Berlinghieri, E. and Monaco, C. 2010. The ancient harbour system of Catania (Italy): new evidence from the reinterpretation of geo-archaeological data, literary sources and historical iconographic documentation . In: (Eds.) Marco Beltrando, Angelo Peccerillo, Massimo Mattei, Sandro Conticelli, and Carlo Doglioni, The Geology of Italy: tectonics and life along plate margins, Journal of the Virtual Explorer, Electronic Edition, ISSN 1441-8142, volume 36, paper 25, doi:10.3809/jvirtex.2010.00222
The ancient harbour system of Catania (Italy): new evidence from the reinterpretation of geo-archaeological data, literary sources and historical iconographic documentation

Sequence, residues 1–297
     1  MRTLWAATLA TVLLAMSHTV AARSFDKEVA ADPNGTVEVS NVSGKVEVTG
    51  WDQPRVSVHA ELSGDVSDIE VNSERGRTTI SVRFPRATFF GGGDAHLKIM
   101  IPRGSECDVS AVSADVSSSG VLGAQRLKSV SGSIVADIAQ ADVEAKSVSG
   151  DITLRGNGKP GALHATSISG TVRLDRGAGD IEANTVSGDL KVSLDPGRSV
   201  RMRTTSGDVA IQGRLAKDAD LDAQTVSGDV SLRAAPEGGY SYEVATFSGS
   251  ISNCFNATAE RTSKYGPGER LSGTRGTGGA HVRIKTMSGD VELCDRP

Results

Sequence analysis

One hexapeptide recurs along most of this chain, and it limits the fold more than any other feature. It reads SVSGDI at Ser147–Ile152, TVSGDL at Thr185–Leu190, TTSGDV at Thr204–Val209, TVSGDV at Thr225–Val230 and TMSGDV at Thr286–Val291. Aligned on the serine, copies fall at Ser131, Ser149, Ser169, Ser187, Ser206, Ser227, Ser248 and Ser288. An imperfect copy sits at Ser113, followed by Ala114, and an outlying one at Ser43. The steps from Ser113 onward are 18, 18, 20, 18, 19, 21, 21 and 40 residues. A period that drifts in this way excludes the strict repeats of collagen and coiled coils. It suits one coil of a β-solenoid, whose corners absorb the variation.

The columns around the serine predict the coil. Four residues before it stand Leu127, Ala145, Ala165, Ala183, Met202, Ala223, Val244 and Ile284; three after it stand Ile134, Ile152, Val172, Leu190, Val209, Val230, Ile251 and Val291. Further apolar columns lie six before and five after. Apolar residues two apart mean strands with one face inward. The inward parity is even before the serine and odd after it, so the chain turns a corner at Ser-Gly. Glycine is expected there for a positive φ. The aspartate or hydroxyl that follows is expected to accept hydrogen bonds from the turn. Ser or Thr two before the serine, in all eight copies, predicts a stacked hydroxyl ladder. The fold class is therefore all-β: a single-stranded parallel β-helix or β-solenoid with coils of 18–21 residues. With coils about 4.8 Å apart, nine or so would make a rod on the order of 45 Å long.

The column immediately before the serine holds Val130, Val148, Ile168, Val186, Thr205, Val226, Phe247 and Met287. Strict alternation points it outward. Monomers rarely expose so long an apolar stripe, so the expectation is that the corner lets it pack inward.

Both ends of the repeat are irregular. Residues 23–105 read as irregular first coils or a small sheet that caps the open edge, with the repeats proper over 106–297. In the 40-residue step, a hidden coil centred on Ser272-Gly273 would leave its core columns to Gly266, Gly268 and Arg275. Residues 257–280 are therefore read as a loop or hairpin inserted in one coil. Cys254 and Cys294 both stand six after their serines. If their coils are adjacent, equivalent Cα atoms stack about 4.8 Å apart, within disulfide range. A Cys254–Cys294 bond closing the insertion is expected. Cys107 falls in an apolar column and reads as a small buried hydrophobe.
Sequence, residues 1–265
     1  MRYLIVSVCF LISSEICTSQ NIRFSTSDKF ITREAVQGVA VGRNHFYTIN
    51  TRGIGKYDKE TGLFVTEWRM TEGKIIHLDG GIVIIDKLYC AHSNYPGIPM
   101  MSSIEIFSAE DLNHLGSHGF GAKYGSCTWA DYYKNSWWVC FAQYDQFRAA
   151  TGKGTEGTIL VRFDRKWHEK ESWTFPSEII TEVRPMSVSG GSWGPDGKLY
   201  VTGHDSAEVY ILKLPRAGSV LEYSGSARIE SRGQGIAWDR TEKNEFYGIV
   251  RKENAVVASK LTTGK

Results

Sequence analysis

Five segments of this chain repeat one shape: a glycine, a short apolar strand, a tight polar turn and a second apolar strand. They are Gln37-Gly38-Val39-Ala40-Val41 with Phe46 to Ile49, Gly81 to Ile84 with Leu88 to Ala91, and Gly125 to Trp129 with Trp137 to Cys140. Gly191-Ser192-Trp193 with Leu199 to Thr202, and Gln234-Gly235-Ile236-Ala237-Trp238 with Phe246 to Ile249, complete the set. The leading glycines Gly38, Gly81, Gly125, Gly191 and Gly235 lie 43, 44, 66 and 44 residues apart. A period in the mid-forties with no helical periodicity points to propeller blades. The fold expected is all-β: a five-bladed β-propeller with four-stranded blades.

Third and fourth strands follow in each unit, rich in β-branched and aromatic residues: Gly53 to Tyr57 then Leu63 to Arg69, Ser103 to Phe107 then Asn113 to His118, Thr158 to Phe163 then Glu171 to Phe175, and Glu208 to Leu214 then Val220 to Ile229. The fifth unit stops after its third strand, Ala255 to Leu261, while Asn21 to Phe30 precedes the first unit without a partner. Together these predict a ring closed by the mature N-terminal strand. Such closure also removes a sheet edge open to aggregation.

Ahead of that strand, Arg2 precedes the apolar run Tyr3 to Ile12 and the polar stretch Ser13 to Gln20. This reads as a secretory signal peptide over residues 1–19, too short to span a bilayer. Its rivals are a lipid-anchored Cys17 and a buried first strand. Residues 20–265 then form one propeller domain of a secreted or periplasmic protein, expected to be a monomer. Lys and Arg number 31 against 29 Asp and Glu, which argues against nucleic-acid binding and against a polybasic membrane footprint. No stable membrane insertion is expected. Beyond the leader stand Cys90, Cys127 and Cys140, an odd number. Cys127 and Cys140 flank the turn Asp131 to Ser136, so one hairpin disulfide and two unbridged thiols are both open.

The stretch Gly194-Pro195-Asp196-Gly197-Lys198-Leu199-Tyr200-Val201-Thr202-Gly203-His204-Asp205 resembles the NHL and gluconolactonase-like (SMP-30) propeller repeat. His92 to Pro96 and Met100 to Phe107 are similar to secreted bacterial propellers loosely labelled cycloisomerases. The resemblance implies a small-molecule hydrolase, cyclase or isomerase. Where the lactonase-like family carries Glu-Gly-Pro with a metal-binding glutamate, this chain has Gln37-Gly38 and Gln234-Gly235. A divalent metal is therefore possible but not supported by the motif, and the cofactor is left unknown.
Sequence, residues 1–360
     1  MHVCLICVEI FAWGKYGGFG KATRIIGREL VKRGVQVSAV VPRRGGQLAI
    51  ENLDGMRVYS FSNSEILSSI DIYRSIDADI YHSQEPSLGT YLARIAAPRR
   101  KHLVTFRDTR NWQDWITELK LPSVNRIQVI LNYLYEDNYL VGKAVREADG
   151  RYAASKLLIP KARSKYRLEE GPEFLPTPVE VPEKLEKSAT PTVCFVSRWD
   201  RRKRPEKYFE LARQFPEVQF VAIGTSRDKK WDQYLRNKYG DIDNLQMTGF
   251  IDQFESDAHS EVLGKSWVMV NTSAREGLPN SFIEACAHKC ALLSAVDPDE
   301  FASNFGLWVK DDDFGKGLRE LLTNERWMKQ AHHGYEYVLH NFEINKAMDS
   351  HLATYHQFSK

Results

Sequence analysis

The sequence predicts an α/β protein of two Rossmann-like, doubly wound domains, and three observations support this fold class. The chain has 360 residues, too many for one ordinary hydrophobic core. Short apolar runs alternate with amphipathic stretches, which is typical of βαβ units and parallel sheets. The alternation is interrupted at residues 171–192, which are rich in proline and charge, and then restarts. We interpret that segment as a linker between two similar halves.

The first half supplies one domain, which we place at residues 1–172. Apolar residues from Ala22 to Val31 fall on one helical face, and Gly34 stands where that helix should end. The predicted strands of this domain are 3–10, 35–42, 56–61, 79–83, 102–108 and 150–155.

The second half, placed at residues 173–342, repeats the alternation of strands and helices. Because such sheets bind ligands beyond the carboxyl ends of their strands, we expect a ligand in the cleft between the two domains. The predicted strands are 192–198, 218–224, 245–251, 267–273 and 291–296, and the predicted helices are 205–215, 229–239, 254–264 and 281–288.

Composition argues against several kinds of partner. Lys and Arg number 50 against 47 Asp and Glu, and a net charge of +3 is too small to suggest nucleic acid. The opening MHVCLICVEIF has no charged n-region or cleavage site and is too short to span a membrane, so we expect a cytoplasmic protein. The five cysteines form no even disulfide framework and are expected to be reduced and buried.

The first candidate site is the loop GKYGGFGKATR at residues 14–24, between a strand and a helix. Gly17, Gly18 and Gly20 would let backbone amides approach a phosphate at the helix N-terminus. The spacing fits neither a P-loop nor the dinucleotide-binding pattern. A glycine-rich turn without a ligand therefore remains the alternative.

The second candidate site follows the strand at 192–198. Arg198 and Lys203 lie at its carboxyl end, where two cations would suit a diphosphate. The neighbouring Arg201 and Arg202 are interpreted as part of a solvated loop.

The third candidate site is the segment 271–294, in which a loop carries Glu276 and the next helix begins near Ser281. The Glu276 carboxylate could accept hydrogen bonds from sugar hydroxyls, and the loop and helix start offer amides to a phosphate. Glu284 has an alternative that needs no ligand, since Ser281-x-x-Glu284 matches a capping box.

The analysis of literary sources and historical iconographic documentation, combined with geological data and archaeological records, provides new evidence for the ancient harbour system of Catania. Taking into account the tectonic uplift, during the Greek colonization period the area of Piazza Duomo - the most depressed of the city at the mouth of the Amenano river - was located a few meters below the sea-level. We infer that it was the probable site of a natural inner harbour as a landing place for the first colonists who founded Catania in the 8th century B.C. According to the literary sources, beside the small river port used for commercial purpose, during the Greek and Hellenistic period the large beach located immediately south of the town, now covered by the 1669 lava flow, was used for military purposes. During the Roman period, alluvial episodes and infilling processes led to the final abandonment of the harbour area. Later on, many attempts were made to build a larger and multifunctional harbour, as shown by ancient cartography here considered. From the Roman period to the 19th century, a weak outer mole repeatedly suffered destruction by marine storms from the east. A conclusive role has been played by the 1669 lava flow that not only covered the beach used in the Greek period for military purposes, but also formed a large promontory south of the mouth of the Amenano river, favouring further fluvial-coastal deposition. Finally, the whole area has been absorbed in the town-planning changes related to the modern harbour of Catania.
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